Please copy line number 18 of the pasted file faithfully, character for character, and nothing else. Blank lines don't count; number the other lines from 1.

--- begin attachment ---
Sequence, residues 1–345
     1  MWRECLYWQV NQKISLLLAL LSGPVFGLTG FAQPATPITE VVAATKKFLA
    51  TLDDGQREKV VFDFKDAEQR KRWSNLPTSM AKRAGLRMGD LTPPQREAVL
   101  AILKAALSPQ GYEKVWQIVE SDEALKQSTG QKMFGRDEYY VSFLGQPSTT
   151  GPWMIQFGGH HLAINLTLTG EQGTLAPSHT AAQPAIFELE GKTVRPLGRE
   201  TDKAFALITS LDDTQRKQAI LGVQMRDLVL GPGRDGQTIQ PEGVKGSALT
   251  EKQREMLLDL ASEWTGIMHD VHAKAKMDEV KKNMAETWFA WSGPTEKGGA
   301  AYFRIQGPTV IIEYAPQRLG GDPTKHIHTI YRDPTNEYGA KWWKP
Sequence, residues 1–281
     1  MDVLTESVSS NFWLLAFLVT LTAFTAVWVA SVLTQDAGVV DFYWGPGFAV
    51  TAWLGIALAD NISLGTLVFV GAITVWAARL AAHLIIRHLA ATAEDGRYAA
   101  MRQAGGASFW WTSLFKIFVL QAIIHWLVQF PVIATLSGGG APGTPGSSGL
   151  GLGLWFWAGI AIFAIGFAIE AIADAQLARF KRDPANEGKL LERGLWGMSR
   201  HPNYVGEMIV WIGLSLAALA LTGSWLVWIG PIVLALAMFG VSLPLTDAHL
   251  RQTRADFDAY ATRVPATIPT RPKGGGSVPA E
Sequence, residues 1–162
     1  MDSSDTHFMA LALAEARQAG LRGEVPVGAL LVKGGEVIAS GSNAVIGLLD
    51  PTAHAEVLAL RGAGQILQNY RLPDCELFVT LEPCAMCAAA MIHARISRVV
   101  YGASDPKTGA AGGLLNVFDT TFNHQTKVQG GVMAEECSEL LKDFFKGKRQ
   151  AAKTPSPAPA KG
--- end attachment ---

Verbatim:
    51  PTAHAEVLAL RGAGQILQNY RLPDCELFVT LEPCAMCAAA MIHARISRVV